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Japanese Tea Ceremony

The tea ceremony had a great influence on the development of Japanese culture in its various forms. In Japan, tea has a symbolic meaning in life. Here, it is associated with a special ceremony, which merged into the contemplation of nature, art, thought, and communication. The traditions of the Japanese tea ceremony originate from the distant past. Originating from China, the initially outlandish custom of drinking overseas beverage firmly entrenched in Japan and gradually became a traditional art. Nowadays, it deeply reflects the basic moral, aesthetic and philosophical principles of consciousness of the Japanese nation.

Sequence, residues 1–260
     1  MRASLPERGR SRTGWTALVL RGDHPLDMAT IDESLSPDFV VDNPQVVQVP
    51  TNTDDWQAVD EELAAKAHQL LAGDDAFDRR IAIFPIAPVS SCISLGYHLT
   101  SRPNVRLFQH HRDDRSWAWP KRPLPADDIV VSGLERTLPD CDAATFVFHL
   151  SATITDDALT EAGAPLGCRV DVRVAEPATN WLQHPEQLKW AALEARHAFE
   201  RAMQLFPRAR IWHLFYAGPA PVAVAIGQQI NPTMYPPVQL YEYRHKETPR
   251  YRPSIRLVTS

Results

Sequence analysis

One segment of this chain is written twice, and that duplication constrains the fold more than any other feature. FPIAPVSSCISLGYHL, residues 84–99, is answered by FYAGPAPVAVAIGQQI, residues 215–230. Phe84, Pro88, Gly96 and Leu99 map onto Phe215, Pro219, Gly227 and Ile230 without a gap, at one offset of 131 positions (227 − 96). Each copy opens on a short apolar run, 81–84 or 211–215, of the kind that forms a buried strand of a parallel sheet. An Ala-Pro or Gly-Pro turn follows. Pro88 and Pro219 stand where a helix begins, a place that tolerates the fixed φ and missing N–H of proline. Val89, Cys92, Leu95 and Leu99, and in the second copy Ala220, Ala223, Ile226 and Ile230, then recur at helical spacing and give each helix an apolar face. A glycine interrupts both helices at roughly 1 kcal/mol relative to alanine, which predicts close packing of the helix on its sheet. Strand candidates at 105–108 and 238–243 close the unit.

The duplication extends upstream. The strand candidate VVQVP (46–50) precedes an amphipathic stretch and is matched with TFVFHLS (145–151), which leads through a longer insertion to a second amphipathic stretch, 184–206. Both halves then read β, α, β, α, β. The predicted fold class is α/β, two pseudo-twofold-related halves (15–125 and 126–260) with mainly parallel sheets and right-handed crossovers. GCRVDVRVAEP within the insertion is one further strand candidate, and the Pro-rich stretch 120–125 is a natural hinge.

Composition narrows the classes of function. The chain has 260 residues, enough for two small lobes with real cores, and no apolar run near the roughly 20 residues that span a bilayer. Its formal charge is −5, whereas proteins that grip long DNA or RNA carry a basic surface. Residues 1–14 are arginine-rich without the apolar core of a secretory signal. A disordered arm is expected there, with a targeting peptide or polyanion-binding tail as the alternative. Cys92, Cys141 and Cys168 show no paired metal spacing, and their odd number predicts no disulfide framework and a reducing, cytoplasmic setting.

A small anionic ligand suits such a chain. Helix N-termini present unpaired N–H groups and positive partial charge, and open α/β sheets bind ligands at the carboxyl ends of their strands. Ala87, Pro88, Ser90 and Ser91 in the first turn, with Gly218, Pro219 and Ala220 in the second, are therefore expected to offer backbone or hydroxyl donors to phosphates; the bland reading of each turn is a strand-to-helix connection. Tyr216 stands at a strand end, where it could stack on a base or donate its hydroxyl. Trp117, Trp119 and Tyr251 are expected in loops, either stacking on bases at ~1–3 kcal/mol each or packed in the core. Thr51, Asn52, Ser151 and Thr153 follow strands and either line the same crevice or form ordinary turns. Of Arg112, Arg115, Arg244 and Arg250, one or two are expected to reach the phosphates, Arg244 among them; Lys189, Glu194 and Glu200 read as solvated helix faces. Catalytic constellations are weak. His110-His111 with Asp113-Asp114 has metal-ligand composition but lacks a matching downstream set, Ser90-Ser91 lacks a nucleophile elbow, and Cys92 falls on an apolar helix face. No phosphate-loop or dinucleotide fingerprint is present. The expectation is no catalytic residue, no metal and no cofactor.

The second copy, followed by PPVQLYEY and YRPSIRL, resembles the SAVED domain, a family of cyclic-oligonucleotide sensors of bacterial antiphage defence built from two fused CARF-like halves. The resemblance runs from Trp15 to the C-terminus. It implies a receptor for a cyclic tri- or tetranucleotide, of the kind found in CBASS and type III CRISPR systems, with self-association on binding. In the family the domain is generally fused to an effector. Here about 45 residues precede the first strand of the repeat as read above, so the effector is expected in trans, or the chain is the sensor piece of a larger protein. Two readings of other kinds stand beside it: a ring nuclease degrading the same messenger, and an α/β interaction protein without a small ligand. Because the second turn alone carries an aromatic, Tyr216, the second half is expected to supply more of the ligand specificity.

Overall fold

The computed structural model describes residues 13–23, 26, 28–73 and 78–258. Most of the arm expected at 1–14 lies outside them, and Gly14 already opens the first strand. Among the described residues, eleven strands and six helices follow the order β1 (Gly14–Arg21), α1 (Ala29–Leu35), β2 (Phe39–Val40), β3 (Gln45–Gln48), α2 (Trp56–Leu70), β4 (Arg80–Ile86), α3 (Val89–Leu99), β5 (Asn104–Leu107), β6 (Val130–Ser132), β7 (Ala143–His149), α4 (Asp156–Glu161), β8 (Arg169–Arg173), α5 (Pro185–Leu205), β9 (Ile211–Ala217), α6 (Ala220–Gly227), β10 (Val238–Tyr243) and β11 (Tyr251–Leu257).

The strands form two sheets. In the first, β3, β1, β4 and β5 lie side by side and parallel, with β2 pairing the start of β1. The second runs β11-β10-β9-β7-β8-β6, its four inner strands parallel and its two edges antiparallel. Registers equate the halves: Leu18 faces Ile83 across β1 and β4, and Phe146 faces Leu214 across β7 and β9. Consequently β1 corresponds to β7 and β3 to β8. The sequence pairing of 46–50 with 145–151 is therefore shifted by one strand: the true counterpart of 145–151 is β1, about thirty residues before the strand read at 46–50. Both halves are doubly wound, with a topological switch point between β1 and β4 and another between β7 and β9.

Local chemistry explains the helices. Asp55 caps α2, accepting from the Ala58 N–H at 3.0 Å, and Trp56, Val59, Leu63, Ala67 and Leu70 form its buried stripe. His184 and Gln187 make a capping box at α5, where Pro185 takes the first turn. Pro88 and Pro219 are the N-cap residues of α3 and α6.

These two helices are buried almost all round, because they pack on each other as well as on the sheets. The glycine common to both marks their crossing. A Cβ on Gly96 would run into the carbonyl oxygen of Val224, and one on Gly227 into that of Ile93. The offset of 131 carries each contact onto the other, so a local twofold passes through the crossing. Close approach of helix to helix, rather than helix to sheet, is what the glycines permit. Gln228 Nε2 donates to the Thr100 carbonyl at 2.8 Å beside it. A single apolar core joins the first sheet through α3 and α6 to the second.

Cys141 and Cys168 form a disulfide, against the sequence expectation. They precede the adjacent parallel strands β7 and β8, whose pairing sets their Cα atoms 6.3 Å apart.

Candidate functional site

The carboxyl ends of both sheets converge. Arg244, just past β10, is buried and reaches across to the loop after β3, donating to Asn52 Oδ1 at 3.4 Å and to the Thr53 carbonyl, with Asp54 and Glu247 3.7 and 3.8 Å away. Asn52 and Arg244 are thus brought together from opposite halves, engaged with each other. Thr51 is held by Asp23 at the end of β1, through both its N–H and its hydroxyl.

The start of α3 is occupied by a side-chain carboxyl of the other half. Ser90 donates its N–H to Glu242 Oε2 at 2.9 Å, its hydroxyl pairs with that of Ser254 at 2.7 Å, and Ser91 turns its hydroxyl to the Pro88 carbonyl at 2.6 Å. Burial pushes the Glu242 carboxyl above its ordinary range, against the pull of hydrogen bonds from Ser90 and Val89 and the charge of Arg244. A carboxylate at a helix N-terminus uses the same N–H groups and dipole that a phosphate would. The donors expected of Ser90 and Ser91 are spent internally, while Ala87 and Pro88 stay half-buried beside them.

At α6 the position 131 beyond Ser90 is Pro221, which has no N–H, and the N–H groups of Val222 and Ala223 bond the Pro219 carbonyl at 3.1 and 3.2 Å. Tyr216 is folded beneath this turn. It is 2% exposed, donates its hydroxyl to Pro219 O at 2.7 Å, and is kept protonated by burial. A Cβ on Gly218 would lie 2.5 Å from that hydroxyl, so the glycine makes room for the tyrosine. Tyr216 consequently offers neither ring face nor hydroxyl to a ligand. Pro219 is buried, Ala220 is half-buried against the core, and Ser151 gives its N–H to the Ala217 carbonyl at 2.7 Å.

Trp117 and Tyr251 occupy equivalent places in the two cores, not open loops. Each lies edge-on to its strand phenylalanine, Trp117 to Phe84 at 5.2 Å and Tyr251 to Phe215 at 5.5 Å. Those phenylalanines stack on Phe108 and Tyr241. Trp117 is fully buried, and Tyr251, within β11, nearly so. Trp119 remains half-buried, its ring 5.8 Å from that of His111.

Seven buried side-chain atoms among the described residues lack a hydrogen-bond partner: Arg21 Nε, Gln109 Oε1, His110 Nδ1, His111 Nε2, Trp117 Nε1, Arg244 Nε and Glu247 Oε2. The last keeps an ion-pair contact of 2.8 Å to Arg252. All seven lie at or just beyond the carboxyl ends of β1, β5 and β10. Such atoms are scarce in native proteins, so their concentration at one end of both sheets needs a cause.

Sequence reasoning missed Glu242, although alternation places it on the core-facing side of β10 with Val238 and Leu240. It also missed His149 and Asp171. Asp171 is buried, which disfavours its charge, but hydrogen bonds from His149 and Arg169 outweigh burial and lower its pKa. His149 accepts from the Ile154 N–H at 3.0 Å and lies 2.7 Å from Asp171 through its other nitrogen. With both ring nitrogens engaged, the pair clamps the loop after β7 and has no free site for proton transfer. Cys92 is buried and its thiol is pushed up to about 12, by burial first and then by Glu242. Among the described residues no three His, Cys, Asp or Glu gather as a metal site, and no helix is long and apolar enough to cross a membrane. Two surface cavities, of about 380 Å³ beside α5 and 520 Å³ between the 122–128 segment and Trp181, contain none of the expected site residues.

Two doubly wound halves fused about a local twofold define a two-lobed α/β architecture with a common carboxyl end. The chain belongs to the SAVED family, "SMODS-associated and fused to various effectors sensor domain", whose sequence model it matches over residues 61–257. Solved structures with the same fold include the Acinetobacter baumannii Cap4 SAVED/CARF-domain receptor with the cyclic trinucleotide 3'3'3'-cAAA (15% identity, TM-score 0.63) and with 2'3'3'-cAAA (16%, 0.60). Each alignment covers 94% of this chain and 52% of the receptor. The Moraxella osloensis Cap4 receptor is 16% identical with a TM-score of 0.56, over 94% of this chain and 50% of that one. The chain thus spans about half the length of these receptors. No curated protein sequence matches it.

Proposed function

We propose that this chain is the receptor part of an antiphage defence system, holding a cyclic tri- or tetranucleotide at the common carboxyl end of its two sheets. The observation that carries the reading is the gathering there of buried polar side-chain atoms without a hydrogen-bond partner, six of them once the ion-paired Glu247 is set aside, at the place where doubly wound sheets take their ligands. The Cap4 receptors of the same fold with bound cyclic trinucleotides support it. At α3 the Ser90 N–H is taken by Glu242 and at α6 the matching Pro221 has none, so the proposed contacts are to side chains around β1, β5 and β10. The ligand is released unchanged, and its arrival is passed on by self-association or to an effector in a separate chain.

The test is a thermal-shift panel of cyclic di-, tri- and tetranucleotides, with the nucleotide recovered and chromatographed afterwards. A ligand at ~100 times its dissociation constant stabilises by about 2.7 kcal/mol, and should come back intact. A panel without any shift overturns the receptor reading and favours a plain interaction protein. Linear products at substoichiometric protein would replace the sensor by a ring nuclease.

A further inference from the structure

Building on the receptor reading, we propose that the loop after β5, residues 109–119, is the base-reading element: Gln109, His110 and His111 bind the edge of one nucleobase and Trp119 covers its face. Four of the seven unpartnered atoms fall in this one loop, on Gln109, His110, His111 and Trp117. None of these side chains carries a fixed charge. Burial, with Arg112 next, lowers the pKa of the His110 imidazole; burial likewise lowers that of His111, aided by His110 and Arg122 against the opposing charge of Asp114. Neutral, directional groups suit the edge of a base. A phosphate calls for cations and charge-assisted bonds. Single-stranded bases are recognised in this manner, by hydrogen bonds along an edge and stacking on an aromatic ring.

The tea ceremony begins with the preparation of the master of the house (pic. 1). For this, he chooses the room, which is the most appropriate for the ceremony. Then he organizes the necessary comfort and prepares the tea utensils and fresh scarves for the reception. The master is the main character in the tea ceremony. However, in fact, he is only a servant, who greets the guests, takes them to a special tea room, prepares tea, and brings it to the guests. When the ceremony is finished, he takes back the tea utensils and escorts the guests (Sen S?shitsu, 1998). The master of the house sends invitations to friends. They must thank him for showing his attention two or three days before the ceremony. Moreover, he must choose the honored guest, who is usually older or has a higher social status. If a person agrees to be a “chief guest” and come to the tea ceremony, he should consider and approve the rest of the guests with the owner of the ceremony. Therefore, the organizer of the ceremony sends a list of the candidates, and the “chief guest” needs to choose five people (Pitelka, 2003). According to the traditions, a so-called “ceremonial tea” is used for the tea ceremonies. High-grade green tea hekuro, which means “an expensive drop”, is prepared with the first upper leaves of the tea bush, by adding boiling water to the tea powder and whipping it by the bamboo broom. The tea is called matcha (pic.2). The technique and method of preparing the matcha were brought to Japan at the end of the 12th century. Depending on the type of leaves and proportion of boiling water to the powder, the drink is divided into two types: thick tea with a dark green or blackish color and a bitter-sweet taste, and liquid tea that has a bright light green color and a bitter astringent taste (pic.3). The first drink is prepared in one large flagon for all guests. By tradition, the guests one by one drink from it, passing the flagon to each other. Further, the thick liquid tea is served. By the way, the pillows and trays with cakes are brought to the guests. The liquid tea is prepared in several cups. Before you sip, a cup turns three times in a clockwise direction, and when it is empty, it returns twice (Freeman, 2007).